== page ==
During his media session Monday, St. Louis Blues captain David Backes wondered aloud about one of coach Ken Hitchcock’s favorite sayings: being comfortable when things get uncomfortable. Backes acted like he didn’t understand the Hitch-ism, but in reality he certainly should.
Backes is extremely comfortable in a spot that few players and even fewer normal humans would be — staking out space in front of an NHL net while being hacked and pushed by defensemen and trying to get a piece of pucks being sent in his general direction at speeds of up to 100 mph.
Sound like fun? Not exactly.
However, Backes’ proficiency in that exact spot is a big reason why the Blues’ second-round playoff series against the Dallas Stars returns to St. Louis for Game 3 on Tuesday tied 1-1.
Backes staked out that net-front piece of property in overtime Sunday in Game 2, hopped over the initial shot from the point by Alexander Steen, then pounced on the rebound and whipped it past Stars goaltender Antti Niemi for the game-winner.
While Backes routinely practices deflections in front with coaches and teammates, the rough-and-tumble area in front of the net is a dangerous place. Former Blues forward Keith Tkachuk lost several teeth when his mouth got in the way of a shot by T.J. Oshie a few years ago, not to mention all the strength is takes to jostle with defensemen and impose your will trying to gain control or a fight for the puck.
I probably have to give credit to my years of playing baseball, guys pitching inside. It’s similar speed knowing that there’s a chance you get hit but the reward for standing in there is well worth it.
Blues’ David Backes on dealing with being in front of the net
“I probably have to give credit to my years of playing baseball, guys pitching inside,” said Backes, who has three goals and six points in nine playoff games. “It’s similar speed knowing that there’s a chance you get hit but the reward for standing in there is well worth it.
“Sometimes you’ve got to react and there’s a trust factor with the guy shooting the puck as well knowing that they’re going to keep it at net-high or below, which is four feet, which means I’m going to get hit somewhere below the neck which you can heal from any of those.”
Backes has showed a willingness over the years to exchange bruises for points and victories. This playoff run is no different and he already has two overtime game-winners, one in each series.
“It’s kind of a mindset that’s something we need done and I’m willing to go in there and stand there,” he said, “and (with) guys hopefully shooting right by me and into the net and we get to celebrate as a group.”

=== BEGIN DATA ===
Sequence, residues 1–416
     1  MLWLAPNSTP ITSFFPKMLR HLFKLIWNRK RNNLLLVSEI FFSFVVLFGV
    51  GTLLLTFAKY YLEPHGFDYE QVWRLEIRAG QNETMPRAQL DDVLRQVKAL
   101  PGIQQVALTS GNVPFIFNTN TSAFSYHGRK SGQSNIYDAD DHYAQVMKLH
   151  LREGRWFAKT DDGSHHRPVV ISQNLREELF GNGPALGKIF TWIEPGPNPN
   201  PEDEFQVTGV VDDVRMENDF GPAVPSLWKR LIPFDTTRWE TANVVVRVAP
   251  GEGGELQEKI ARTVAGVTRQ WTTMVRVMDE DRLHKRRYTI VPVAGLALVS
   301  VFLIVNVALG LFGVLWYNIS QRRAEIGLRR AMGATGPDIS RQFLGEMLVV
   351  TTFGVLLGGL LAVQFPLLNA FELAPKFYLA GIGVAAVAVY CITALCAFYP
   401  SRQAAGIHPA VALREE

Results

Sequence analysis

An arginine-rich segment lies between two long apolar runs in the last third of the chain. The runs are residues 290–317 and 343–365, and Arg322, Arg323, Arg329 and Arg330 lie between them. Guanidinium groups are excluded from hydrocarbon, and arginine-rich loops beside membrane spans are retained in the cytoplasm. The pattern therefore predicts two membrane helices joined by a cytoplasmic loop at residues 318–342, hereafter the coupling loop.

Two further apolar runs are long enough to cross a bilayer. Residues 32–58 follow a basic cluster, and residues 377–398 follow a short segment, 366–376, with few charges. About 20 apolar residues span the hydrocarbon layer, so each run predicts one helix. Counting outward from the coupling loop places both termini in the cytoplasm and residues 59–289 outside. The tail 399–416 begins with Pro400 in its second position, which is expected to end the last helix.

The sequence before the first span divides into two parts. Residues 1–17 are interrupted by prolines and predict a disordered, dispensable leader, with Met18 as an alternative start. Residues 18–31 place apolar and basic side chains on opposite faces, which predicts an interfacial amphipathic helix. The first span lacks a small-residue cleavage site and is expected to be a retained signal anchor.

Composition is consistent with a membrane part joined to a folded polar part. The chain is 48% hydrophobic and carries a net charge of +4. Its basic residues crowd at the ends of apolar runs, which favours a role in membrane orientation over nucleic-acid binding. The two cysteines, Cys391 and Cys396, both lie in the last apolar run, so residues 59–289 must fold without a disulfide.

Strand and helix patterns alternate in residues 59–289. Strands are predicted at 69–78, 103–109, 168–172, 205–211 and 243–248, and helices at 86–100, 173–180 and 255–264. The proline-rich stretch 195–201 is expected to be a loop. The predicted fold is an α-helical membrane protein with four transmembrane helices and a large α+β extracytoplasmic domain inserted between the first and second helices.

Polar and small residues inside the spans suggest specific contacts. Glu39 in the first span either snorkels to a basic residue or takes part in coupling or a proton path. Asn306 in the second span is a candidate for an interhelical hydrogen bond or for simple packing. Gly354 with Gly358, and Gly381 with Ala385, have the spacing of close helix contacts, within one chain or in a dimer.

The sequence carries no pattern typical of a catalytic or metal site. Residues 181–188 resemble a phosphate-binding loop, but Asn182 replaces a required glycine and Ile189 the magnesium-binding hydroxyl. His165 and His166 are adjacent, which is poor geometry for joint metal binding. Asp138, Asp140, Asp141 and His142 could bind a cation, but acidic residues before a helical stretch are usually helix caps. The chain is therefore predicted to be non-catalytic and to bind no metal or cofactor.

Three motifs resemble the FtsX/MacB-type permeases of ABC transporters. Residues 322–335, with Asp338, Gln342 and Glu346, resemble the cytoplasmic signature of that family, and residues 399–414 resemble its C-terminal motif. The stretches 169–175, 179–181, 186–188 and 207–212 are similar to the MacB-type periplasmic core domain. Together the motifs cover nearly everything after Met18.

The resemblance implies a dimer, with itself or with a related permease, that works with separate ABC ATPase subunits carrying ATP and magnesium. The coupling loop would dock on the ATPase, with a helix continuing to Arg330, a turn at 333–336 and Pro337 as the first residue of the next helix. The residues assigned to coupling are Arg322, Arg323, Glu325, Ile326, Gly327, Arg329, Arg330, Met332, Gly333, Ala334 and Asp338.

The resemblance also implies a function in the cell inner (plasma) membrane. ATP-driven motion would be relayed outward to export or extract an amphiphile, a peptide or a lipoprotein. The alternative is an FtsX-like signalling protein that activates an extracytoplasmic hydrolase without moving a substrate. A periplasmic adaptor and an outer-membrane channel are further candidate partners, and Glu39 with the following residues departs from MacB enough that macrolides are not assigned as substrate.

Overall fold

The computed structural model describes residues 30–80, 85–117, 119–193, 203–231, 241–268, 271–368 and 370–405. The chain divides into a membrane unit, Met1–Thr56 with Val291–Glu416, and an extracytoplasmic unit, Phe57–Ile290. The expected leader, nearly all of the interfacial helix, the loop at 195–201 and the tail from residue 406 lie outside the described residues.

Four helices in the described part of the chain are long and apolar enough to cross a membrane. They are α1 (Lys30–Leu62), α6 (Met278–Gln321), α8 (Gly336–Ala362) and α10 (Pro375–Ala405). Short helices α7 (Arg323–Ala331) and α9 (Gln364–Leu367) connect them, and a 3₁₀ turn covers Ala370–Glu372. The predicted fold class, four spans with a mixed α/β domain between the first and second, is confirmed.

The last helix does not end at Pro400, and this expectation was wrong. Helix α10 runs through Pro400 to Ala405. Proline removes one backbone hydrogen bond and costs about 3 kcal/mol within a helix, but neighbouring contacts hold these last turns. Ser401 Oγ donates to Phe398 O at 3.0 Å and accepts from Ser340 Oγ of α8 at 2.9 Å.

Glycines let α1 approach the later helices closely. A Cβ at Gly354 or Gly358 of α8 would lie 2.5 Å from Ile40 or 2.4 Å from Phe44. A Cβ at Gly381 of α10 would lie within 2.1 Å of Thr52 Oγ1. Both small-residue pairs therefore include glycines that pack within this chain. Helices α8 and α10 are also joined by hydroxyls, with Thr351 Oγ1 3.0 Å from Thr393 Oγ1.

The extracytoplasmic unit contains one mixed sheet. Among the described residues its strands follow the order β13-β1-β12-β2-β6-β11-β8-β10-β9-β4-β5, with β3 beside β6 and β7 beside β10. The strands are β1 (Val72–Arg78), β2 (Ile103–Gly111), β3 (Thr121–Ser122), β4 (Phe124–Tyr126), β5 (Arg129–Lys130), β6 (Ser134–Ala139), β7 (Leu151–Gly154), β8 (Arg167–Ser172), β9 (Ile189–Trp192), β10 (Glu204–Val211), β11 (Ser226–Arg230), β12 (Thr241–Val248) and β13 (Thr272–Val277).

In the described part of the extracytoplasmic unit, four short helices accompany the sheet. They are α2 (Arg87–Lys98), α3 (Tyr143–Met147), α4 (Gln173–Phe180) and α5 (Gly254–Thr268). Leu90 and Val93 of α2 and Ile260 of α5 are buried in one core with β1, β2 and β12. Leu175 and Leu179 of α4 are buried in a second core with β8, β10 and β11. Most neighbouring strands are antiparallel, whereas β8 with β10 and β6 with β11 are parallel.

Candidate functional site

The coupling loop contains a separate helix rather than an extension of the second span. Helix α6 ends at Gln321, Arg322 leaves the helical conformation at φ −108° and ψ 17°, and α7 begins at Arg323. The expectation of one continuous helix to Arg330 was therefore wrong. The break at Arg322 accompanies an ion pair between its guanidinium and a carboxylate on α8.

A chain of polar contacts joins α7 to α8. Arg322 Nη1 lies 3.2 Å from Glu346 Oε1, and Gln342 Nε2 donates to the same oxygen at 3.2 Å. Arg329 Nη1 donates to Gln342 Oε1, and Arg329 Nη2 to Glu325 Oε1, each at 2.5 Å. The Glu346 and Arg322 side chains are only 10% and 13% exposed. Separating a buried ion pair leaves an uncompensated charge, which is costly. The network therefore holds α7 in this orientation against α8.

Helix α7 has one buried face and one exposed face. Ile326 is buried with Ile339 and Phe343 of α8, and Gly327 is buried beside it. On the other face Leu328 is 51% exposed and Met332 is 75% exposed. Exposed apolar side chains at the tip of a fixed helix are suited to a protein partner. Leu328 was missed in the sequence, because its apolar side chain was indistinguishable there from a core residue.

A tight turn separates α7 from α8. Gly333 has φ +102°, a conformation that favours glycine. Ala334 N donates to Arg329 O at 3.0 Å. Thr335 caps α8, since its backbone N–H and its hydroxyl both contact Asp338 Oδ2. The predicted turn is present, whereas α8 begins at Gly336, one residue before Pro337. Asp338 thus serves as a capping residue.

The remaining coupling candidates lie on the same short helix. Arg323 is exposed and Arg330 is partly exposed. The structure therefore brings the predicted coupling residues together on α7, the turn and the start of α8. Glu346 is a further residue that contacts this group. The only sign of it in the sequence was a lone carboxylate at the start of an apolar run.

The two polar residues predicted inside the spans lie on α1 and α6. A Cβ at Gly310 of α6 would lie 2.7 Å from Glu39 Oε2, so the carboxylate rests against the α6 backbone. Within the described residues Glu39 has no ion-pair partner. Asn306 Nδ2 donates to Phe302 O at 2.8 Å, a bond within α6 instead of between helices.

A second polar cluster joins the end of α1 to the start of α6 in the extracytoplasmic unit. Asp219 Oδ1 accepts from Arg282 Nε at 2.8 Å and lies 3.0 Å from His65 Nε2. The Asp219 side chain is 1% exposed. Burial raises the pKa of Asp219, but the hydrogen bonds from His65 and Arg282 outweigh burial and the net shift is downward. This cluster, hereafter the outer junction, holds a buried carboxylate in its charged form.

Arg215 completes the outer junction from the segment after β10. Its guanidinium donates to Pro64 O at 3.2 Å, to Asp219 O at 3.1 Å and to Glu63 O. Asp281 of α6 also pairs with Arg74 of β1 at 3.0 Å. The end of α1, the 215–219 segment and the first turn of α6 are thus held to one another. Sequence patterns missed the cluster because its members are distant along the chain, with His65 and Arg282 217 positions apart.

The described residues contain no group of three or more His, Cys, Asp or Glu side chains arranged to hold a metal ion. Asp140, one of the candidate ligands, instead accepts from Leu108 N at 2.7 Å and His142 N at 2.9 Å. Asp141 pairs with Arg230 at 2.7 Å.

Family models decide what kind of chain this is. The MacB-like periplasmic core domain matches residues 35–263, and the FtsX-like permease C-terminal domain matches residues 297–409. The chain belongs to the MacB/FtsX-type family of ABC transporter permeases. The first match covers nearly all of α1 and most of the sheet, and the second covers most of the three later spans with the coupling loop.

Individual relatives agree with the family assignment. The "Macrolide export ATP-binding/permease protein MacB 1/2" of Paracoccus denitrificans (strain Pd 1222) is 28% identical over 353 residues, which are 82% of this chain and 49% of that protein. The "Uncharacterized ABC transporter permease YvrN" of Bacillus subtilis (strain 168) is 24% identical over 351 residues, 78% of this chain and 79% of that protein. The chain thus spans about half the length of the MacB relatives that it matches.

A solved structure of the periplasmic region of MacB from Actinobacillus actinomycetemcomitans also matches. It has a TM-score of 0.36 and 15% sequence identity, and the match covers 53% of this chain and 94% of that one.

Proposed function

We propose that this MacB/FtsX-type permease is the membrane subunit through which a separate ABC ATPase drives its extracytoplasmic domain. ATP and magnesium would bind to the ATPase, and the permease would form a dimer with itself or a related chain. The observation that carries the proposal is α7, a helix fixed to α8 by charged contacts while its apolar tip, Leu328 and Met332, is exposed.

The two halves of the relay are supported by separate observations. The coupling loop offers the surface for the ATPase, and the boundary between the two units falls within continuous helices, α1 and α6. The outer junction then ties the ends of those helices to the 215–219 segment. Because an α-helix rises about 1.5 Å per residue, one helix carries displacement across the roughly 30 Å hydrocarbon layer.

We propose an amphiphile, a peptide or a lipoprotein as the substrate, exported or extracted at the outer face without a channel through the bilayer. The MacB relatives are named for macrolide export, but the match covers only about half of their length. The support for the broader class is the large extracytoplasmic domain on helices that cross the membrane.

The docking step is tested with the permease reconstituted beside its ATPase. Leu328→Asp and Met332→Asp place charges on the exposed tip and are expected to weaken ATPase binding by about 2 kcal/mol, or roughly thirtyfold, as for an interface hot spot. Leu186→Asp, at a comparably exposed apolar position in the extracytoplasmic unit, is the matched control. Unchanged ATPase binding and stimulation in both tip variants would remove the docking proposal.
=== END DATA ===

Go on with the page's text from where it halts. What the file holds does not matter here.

Speaking of dangerous, Blues goaltender Brian Elliott was dazed after taking a slap shot off the front of his mask early in the third period Sunday in Game 2.
The shot appeared to stun Elliott, who fell backward before being attended to by a trainer.
“He’s still got the telephone ringing today, so I don’t know,” Hitchcock said when asked how Elliott was feeling. “That (shot off the mask) makes a sound that just grips at you. You could hear the groaning in the stands when they replayed the shot on the video screen.
“The sound that came from that hitting him, that’s a really scary sound to hear. It’s the same thing, you look at four hours later, you’ve got (Marc-Eduoard) Vlasic taking one off the shield in San Jose, it’s the same sound. It’s a sickening sound to be honest. You don’t want to see that. We were so happy (Elliott) got back up and feels OK today.”
Tarasenko production slows a bit
Blues’ playoff scoring ace Vladimir Tarasenko was held without a point in the first two games against Dallas and has one goal and no assists in his last five playoff contests. Hitchcock isn’t concerned since Tarasenko is sitting on four goals and six points in nine playoff games this season and 14 goals and 17 points in 22 career playoff outings.
“I’ve seen a line that has high expectations and is learning how to play against extreme checking and getting better and better,” Hitchcock said of the Tarasenko line with Jori Lehtera and Jaden Schwartz. “(Tarasenko) grabbed it yesterday; he caused two penalties because of his determination, which is a great sign. The penalty he got for us in overtime is typical Vladdy.
“I think these guys are learning that there’s a huge difference between regular season and the playoffs. They’re seeing that first-hand and they’re getting better and better because they’re getting used to how hard it’s going to be.”
Hitchcock said Blues winger Ryan Reaves would be back for another start in Game 3 on Tuesday. Reaves replaced Steve Ott in the lineup Sunday for his first playoff appearance since Game 2 against the Blackhawks in the opening round.
Dallas star forward Tyler Seguin resumed skating Monday but there was no word if or when he will return from an Achilles tendon injury that has kept him out of all but one playoff contest.
Dallas media asked whether Seguin would accompany the Stars to St. Louis and coach Lindy Ruff said, “No, but they have flights into St. Louis every day.”
NHL Second-Round Playoff Schedule
St. Louis Blues vs. Dallas Stars
Friday, April 29
Dallas 2, Blues 1
Sunday, May 1
Blues 4, Dallas 3, OT (series tied 1-1)
Tuesday, May 3
Game 3: Dallas at Blues, 8:30 p.m. (NBCSN)
Thursday, May 5
Game 4: Dallas at Blues, 7 p.m. (NBCSN)
Saturday, May 7
Game 5: Blues at Dallas, noon (NBC-KSDK Channel 5)
Monday, May 9
Game 6: Dallas at Blues, TBA
Wednesday, May 11
Blues at Dallas, TBA